And, by the way, there's also a bad public relations backlash here. I've talked to people who have had to change their phone numbers to unlisted because of all the harassing calls. I'm from Sacramento. For the director of the California Music Theater there to be forced to resign because he made a small contribution to Proposition 8 is frankly unconscionable. It's the kind of blacklisting that we've had hundreds of Hollywood movies about, but it's happening right now in California on a different level.

VARNEY: All right, that is the last word, but not for us entirely.

We have to take one more break. When we come back, our "Hits and Misses" of the week.


VARNEY: All right, winners and losers, picks and pans, "Hits and Misses," it's our way of calling attention to the best and the worst of the week.

Item one, the pirates of Somalia — Dan?

HENNINGER: Yes, Stuart, suddenly, everyone knows there are pirates in the world and they are grabbing oil tankers bigger than aircraft carriers. We're told that even George Bush himself has said can't we do something about this. The problem is what do you do? The people who own the tankers and the ships often don't want military intervention. They would rather pay. Somali is a failed state. If you grab the pirates, they can bribe their way out of jail. Many of the western nations do not want the pirates on their territory. Alas, Stuart, summary execution is out, so.



HENNINGER: Good question. Well, that raises the point. These people represent a threat to the civilized world. But we have so elevated individual rights that we don't know how to fight these pirates. If we don't figure out how to do it, what they represent is going to pose a bigger threat than simply cargo ships.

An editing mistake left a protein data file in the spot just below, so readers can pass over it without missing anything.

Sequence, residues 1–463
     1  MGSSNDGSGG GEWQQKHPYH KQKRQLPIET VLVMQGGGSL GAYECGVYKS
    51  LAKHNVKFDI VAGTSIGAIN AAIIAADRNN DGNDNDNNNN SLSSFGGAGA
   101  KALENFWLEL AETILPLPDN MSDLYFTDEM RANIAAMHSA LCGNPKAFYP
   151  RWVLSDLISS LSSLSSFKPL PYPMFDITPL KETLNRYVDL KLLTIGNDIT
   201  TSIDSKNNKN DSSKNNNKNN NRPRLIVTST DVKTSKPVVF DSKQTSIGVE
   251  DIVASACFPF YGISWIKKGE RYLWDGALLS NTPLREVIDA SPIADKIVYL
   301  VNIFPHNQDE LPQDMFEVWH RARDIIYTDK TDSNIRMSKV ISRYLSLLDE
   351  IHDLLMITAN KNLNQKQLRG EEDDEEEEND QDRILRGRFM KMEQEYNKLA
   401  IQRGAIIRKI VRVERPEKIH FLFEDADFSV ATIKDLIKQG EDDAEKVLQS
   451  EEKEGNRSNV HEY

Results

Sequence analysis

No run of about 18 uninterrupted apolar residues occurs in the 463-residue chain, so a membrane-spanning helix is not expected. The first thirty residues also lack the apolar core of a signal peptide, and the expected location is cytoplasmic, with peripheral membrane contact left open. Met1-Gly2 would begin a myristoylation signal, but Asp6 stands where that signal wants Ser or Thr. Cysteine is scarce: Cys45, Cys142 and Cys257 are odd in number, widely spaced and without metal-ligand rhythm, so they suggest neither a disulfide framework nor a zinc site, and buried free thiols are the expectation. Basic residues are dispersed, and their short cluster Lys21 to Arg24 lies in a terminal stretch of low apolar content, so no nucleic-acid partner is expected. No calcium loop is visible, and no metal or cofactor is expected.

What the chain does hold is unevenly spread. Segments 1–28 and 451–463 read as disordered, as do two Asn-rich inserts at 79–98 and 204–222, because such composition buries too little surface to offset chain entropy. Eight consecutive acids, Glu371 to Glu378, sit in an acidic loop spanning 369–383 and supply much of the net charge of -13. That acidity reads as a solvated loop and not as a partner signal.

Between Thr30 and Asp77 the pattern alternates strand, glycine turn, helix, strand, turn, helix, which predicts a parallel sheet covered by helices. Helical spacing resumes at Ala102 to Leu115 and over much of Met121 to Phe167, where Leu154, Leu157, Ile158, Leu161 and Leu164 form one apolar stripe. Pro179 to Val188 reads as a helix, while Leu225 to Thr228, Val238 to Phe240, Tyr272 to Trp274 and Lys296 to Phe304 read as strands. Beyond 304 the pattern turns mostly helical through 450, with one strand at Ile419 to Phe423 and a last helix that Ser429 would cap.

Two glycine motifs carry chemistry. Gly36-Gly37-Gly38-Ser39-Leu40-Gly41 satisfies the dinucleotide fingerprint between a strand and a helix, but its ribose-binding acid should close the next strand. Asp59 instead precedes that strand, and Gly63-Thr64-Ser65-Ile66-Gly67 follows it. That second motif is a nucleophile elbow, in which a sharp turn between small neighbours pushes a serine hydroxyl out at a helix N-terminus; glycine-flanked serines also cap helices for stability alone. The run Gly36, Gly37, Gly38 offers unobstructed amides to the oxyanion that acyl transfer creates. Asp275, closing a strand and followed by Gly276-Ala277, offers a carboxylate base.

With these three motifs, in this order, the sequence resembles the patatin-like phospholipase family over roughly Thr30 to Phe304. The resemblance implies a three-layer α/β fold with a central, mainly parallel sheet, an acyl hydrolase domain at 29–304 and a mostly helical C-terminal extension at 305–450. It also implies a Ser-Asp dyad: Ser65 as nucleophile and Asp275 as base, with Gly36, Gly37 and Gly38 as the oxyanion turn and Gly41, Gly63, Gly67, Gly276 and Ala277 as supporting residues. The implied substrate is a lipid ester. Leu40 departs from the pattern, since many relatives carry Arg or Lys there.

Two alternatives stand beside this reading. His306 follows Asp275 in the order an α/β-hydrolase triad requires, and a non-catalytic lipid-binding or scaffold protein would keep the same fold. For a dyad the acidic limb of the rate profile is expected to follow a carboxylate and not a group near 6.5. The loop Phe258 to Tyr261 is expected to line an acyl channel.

VARNEY: I want to be a pirate lawyer, paid in doubloons. But that's another story entirely.

Naomi, a miss to American universities, right?

RILEY: Yes. Apparently, the talk in Washington is that the colleges of the United States would like part of the bailout. Surprise, surprise! If you can think of anyone less deserving than Detroit, the colleges will probably be out there. But their endowments has gone down, like everybody else's 401Ks. And they think that in order to meet their costs for the year and for future years, they should be given some government money. So the lobbyists are going to Washington to try to get a piece of the action.

And then the other thing that the other tactic that some of the colleges are talking about is perhaps suing their brokers for making bad investments of their endowment. So these administrators apparently haven't taken economics 101 and they would like to blame the brokers for the problem.


VARNEY: ... are wonderful.

RILEY: Yes, pass the blame along.

VARNEY: James, a hit to President-elect Barack Obama.

FREEMAN: Yes, a big hit to my president, Barack Obama. As of January 20th, he said recently in two separate television interviews, he affirmed that he supports moving to a true playoff system for college football. Right now they have a bunch of bowls, but they don't crown a champion. He wants an 18 playoff. Now I understand why all those college kids were so excited about Obama. I'm excited, too. This is change I can believe in.

VARNEY: You think it's a good idea?

FREEMAN: Absolutely. It's great. Some say it's not necessarily the most important issue he ought to be tackling right now. But as a bully pulpit issue, I think fans around the country are going to be thrilled.

VARNEY: Look, I put it to you, in the world of college football, that would be a huge change.

FREEMAN: Huge. Huge. And you think about this season. You've got eight teams who could arguably win a national title if it went to a playoff. He's picked a good time and, who knows, we might see action. The conferences are already having to react to his statement.

VARNEY: Final point, it would be good for TV ratings.

James, thank you very much indeed.

All right, that's it for this week's edition of "The Journal Editorial Report."

Thanks to my panel and to all of you for watching.

I'm Stuart Varney. Paul is back next week. And we hope to see you then.